Minutes Of General Meetings

Date: February 17, 2003

We have today met with a representative of Council on Corporate Disclosure and Governance (“CCDG”) and made representations to urge the council to seriously consider making SIAS’ call to public listed companies to maintain minutes of General Meetings to reflect substantive comments and queries by shareholders and the responses by the Board and Management as a requirement or at least as a best practice in the Corporate Governance Code.

Members of SIAS, who have attended company Annual General Meetings in the past and recently, have brought to our attention that many listed companies maintain the barest record of their general meetings. Such companies essentially minute only the resolutions that have been passed or defeated. The minutes do not include any account of the comments and queries by shareholders or the responses by the Board and Management. “Meeting Minutes” is defined by Longman dictionary of contemporary English as “an official written record of what is said and decided at a meeting”. Members complain that many companies refuse to record even the gist of relevant questions asked by them and answered given by the Chairman of the meeting.

Especially in the current environment of greater shareholder participation at general meetings and the emphasis on greater transparency and disclosure, SIAS finds this practice of keeping skimpy minutes to be totally unacceptable. Not to record comments or queries from minority shareholders represents total disregard for and disrespect of minority shareholders. It expunges whatever they have said from the institutional memory of the company. It is as if they never said anything at the meeting, as if they are to unimportant to say anything worth recording.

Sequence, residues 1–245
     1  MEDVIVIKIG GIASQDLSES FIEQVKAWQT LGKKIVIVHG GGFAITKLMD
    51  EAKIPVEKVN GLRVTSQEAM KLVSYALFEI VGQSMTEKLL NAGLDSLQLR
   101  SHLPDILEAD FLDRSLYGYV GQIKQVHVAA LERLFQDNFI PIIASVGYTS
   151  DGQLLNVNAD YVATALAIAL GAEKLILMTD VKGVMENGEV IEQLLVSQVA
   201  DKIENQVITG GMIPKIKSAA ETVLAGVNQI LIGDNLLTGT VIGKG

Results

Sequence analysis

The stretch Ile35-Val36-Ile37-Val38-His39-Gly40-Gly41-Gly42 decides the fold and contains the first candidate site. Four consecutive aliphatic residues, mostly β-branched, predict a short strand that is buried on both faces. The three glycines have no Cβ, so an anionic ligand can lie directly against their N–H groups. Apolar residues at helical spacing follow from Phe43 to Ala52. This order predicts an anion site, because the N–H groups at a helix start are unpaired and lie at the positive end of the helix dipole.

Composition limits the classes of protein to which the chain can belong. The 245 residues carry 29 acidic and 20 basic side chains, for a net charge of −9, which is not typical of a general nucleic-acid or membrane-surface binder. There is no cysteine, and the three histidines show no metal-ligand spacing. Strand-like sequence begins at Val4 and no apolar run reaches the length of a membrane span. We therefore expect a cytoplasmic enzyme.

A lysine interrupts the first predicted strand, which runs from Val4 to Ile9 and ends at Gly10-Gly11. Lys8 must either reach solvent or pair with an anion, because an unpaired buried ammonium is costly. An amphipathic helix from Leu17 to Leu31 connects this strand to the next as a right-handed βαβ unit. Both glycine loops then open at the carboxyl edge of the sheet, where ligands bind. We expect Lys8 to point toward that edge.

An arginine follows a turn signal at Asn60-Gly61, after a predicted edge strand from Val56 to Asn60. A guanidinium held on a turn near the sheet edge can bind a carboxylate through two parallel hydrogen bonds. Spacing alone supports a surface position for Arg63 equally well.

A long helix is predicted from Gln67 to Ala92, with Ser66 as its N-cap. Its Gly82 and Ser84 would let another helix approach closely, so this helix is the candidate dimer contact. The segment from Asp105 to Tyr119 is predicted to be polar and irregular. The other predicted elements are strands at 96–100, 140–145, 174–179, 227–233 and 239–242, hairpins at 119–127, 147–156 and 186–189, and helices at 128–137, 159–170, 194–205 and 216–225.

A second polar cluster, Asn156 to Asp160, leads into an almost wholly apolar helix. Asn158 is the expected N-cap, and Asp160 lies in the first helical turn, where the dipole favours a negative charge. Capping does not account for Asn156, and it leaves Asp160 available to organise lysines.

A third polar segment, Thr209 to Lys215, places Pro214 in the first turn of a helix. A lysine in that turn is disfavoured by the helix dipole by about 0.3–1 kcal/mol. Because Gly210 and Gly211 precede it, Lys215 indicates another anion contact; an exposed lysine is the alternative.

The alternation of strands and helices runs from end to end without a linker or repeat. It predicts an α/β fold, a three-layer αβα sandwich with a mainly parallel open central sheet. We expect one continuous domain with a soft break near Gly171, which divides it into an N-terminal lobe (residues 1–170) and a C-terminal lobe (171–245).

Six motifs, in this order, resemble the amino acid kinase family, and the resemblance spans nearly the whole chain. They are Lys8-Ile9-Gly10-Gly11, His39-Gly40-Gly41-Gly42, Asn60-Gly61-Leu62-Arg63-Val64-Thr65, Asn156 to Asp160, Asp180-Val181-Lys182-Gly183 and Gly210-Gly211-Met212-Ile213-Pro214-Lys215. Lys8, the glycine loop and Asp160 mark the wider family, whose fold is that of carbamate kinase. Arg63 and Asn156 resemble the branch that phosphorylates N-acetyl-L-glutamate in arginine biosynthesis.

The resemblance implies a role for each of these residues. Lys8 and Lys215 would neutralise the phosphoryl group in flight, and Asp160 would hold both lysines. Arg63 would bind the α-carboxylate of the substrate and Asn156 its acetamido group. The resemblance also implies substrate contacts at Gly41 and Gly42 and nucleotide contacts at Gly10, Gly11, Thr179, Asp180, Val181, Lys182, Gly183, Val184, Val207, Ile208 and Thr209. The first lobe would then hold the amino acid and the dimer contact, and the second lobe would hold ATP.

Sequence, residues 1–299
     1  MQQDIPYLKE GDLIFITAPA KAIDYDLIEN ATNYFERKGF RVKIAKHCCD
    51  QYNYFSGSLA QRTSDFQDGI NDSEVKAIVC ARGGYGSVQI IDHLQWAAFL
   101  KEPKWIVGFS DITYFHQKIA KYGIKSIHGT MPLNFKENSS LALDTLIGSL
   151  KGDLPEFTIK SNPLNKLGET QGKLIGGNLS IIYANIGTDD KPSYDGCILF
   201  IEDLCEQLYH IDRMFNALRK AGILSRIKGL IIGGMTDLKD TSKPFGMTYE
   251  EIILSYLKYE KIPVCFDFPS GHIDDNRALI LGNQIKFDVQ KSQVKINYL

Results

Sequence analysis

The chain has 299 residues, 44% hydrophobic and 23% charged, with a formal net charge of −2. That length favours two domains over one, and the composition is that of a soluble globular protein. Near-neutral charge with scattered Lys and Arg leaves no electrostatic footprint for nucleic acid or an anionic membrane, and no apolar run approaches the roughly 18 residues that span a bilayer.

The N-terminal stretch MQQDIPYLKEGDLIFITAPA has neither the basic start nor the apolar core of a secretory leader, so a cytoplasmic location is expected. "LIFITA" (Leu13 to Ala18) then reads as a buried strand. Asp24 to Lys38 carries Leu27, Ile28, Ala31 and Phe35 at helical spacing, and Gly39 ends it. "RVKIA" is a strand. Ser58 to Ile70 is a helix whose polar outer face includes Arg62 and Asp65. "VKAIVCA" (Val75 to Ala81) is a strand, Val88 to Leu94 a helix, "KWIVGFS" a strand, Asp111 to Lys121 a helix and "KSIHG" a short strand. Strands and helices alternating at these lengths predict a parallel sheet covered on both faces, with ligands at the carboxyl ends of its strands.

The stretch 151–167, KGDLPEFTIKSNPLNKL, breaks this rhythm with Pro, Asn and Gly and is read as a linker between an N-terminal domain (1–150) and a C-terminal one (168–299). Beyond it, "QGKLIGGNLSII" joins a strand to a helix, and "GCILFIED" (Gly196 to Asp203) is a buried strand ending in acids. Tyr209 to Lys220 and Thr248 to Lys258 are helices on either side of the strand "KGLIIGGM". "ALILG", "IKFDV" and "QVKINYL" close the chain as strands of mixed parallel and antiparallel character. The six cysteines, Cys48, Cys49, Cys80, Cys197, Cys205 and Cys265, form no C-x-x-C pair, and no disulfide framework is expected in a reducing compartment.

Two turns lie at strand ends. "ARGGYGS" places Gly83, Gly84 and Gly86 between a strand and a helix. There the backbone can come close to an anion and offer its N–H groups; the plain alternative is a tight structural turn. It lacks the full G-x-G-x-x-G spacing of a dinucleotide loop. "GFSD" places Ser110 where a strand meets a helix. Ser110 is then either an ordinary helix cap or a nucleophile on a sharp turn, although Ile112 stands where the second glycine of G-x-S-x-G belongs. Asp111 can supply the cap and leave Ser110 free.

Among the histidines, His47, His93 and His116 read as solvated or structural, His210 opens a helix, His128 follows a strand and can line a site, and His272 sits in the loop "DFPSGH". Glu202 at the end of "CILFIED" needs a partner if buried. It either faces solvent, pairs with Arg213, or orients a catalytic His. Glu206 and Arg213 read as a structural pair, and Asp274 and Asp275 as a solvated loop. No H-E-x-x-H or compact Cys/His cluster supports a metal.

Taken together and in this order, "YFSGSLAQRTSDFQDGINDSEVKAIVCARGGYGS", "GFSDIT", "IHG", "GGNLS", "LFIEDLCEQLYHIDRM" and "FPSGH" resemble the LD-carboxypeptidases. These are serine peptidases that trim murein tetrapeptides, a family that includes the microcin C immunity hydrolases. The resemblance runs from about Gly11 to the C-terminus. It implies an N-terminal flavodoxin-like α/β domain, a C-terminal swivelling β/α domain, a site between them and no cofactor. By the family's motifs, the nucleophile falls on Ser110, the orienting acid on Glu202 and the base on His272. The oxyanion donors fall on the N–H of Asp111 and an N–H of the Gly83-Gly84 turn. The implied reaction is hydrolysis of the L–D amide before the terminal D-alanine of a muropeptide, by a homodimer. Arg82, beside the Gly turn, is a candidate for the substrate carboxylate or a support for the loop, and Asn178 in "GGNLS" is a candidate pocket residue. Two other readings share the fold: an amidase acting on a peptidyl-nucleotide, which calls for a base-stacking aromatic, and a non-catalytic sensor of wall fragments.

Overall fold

Some companies have given the excuse that they have been legally advised that their practice of maintaining scanty minutes is in line with the practice of many Singapore-listed companies. We are not talking about minimum legal requirements but rather about good corporate governance. We believe that keeping proper minutes and having them accessible to all shareholders are in line with good corporate governance.

Another excuse is that it is too inconvenient to produce more detailed minutes. However, we know that companies keep much more detailed minutes of board and other meetings. Associations and clubs also routinely keep very detailed minutes. As to what is the appropriate degree of summarization and what is substantive, we are confident that the discretion can be left to the company secretaries, who are not only capable of professional, but are also able to keep the interest of all shareholders of the company in the forefront at all times.

Some companies apparently take reasonably detailed notes of the proceedings and in that sense they may be taking into consideration the comments by shareholders. However we are of the view that such notes are inadequate since they do not represent the formal record of the meetings and are not available to shareholders. Instead we urge such companies to convert their notes into minutes so that the information is placed on official record and is available to shareholders.

SIAS feels strongly that companies should record minutes to reflect the actual proceedings of the minutes. To do so will enhance not only accountability but also good corporate governance and transparency.

SIAS therefore urges all listed companies to maintain minutes of general meetings that include, in summary, substantive comments and queries by shareholders and the responses by the Board and Management.

Mr David Gerald J.
President & CEO
Securities Investors Association (Singapore)